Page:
Heat pump size 8 HSPF 9 HSPF 10 HSPF11 HSPF12 HSPF
1 ton  3,394 kWh 2,918 kWh 2,626 kWh 2,387 kWh2,188 kWh
2 tons  6,566 kWh 5,836 kWh5,253 kWh
4,775 kWh4,377 kWh
3 tons  9,849 kWh8,755 kWh7,879 kWh 7,163 kWh
6,566 kWh
4 tons13,132 kWh
11,673 kWh
10,506 kWh
9,551 kWh
8,755 kWh
5 tons 16,416 kWh14,592 kWh 13,132 kWh
11,939 kWh
10,944 kWh

How Much Energy Does A Solar Panel Produce?

After addressing the question of how much electricity a heat pump uses in detail, the next step is to determine how much energy do solar panels produce.

Using the solar panel wattage, and the number of peak sun hours per day for your area, you can measure how much electricity a solar panels will produce by using this formula:

Solar panel output x Average Peak sun hours = Daily kWh per day

  • The wattage output rating of residential solar panels varies between 250 and 450 watts per hour.

  • Not all regions of the US get the same amount of sunlight, so the number of peak sun hours varies depending on the location. The southwest is the sunniest region of the country.

The majority of the US get 3 to 5 peak hours of sun per day.

For example, in the winter months we’ll use an average of 3 hours, this means that the average 400W solar panel output of electricity per day is 400 x 3 = 1.2 kWh

while in the summer months we can use 5 hours, this means that the average 400W solar panel output of electricity per day is 400 x 5 = 2 kWh.

Can solar panels power a heat pump?

To heat your home with a solar panel heat pump, the solar panels must absorb enough energy from the sun. Usually, you will use the heating mode in the winter months when there are fewer peak sun hours than in the summer! This means that the energy available from the sun in the winter will be less.

Let's take a look at the difference between the amount of energy that solar panels will produce in the winter and summer months. Accordingly, we determine how many solar panels are needed to run heat pump.

In a temperate state like North Carolina, Jacksonville gets an average of 4.6 peak sun hours per day. This value also represents the average peak sun hour per day in the US.

Month
Peak sun hours per dayPeak sun hours per monthSolar panel output per day (400W)
January 4.21321.7 kWh
February4.41241.8 kWh
March4.91531.9 kWh
April5.51662.2 kWh
May5.31652.1 kWh
June4.81451.9 kWh
July4.61441.8 kWh
August4.21311.7 kWh
September 4.21261.7 kWh
October4.81491.9 kWh
November4.61381.8 kWh
December 41231.6 kWh

We used the Global Solar Atlas to find the peak sun hours per day (irradiance) in Jacksonville, North Carolina.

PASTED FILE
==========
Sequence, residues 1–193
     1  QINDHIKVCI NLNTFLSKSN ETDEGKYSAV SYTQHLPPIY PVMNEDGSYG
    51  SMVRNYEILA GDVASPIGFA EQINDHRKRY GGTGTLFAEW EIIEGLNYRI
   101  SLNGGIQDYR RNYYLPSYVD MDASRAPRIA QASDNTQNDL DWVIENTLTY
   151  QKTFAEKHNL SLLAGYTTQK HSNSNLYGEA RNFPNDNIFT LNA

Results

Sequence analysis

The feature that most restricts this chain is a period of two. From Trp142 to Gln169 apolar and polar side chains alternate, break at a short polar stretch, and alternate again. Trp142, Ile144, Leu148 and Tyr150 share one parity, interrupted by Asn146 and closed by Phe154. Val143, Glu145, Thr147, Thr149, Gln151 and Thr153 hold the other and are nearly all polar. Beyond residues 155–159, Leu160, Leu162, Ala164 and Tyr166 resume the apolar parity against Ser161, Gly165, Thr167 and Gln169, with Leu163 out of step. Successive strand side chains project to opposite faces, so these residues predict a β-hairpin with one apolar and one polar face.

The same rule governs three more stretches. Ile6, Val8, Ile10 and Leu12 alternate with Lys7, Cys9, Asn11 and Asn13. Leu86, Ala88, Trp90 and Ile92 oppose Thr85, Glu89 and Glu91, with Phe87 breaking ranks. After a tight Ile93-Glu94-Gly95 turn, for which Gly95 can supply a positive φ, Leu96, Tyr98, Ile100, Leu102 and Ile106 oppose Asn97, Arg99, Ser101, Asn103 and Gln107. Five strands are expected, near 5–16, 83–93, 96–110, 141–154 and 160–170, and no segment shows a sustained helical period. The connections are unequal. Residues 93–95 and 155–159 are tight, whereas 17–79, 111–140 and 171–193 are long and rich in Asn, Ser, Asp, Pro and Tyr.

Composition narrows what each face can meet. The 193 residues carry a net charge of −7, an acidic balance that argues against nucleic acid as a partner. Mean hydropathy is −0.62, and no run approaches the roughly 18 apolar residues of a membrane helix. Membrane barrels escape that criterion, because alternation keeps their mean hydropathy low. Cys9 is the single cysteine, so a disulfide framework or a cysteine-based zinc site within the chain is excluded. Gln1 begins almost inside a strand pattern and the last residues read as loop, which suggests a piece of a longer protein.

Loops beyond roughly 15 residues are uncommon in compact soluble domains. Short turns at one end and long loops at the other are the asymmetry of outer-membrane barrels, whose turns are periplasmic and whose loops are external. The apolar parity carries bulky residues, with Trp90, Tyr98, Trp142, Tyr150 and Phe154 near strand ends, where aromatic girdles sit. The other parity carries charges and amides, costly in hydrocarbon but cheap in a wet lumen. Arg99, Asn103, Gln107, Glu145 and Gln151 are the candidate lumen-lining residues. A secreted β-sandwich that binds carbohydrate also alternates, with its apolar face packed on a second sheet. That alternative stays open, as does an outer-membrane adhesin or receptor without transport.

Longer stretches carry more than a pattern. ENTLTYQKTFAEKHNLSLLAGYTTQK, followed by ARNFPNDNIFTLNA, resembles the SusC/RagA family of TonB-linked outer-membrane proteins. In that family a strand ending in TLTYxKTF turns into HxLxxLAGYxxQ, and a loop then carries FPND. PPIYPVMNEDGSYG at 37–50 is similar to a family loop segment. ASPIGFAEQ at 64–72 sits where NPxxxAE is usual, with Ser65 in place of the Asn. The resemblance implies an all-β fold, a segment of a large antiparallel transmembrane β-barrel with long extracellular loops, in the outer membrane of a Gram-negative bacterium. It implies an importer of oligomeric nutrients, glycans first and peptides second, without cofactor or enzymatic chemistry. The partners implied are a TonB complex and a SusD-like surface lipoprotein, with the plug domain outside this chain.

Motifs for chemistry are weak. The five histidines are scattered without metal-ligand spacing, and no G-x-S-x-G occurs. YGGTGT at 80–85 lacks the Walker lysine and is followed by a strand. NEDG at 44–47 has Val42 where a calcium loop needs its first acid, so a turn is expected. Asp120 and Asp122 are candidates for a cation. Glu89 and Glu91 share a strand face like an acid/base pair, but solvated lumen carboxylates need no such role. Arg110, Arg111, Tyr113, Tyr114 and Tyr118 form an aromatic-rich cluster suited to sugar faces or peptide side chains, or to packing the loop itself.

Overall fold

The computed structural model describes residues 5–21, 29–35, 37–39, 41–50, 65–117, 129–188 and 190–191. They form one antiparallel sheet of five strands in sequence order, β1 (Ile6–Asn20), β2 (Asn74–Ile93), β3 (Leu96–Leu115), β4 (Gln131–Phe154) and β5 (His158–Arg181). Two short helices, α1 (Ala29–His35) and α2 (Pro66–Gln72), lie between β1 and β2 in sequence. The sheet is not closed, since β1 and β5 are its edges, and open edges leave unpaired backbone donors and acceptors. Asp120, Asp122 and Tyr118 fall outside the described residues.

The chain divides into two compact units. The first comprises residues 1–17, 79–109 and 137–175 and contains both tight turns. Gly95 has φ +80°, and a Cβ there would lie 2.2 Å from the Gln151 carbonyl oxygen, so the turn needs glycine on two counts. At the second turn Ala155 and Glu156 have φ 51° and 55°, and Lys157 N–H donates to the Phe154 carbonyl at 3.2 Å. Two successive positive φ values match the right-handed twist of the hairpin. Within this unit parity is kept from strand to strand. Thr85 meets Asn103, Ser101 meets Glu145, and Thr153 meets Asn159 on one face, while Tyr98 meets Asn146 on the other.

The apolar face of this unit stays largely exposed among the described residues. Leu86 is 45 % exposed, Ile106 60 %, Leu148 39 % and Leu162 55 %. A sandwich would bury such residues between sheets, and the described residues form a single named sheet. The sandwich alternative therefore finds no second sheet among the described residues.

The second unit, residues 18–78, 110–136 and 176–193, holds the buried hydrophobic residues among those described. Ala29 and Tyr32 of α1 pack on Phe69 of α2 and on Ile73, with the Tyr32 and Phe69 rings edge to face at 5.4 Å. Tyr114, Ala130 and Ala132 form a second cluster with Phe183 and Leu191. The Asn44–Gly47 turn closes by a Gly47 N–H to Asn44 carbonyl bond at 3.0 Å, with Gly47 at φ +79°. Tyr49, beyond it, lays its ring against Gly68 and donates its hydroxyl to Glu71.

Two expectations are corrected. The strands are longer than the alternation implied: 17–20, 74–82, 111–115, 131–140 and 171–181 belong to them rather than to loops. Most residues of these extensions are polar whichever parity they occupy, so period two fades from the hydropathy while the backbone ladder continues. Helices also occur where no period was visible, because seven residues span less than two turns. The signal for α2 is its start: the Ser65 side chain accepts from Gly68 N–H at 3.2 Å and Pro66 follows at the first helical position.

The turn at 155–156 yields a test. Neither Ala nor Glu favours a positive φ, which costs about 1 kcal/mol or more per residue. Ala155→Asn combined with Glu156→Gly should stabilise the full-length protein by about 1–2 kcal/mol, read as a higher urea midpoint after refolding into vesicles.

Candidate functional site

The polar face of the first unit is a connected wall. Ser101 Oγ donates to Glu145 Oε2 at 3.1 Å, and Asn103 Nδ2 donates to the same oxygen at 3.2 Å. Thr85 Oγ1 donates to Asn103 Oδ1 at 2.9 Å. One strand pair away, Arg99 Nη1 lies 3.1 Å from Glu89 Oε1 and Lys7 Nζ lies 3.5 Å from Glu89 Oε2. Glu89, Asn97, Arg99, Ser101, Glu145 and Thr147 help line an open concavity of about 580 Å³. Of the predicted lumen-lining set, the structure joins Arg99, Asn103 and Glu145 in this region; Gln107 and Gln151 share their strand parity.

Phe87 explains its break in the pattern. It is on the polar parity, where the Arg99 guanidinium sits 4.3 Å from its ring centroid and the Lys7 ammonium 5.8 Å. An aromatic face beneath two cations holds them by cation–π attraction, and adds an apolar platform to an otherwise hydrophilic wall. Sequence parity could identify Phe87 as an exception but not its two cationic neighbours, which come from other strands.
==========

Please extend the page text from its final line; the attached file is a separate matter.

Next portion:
In the summer months, the output of the solar panel in six months of summer is 347 kWh, while in the winter it is only 324 kWh.

The average 400W solar panel output per year is 671 kWh.

→ To make the heat pump completely independent of the network using a battery bank, it is preferable to calculate the number of panels using:

  • The heat pump energy requirement for heating mode = 5,760 kWh.
  • Solar panel output (400 watts) in 6 months of winter = 324 kWh.

Number of 400 watt solar panels required = 5,760 / 324 = 18 solar panels.

→ If your area supports net metering, then you don't have to worry about the low power available from the sun in the winter months. In this case, there is no need to complicate the calculations. You can calculate the number of panels using:
  • The heat pump energy requirements per year = 9000 kWh.
  • Solar panel production (400 watts) per year = 671 kWh.
Number of 400 watt solar panels required = 9,000 / 671 = 14 solar panels.

Thus, in the case of an grid-tie solar system, you’ll need 5.6 kW of solar panels (18 panels x 400W).

In the case of an existing off-grid solar system, you’ll need 7.2 kW of solar panels (18 panels x 400W) to meet the demand in winter.

Related articles: 

Summary – How Many Solar Panels to Run Heat Pump

Depending on the size and efficiency of the heat pump unit, the table below lists the number of solar panels required to runs the 1-6 ton 14-22 SEER and 8-12 HSPF solar heat pumps:

Heat pump size8 HSPF9 HSPF10 HSPF11 HSPF12 HSPF
1 ton 5 panels
5 panels
4 panels
4 panels
4 panels
2 tons 10 panels
9 panels
8 panels
8 panels
7 panels
3 tons 14 panels
14 panels
12 panels
11 panels
10 panels
4 tons20 panels18 panels
16 panels
15 panels
13 panels
5 tons 25 panels22 panels
20 panels
18 panels
17 panels

Note: In the case of an off-grid solar system, it is necessary to add more solar panels to meet the demand in the winter season (between two to four panels).

For example, you will need 9 panels for an off-grid solar system and 5 panels for a grid-tied solar system to operate a 1 ton 8 HSPF heat pump.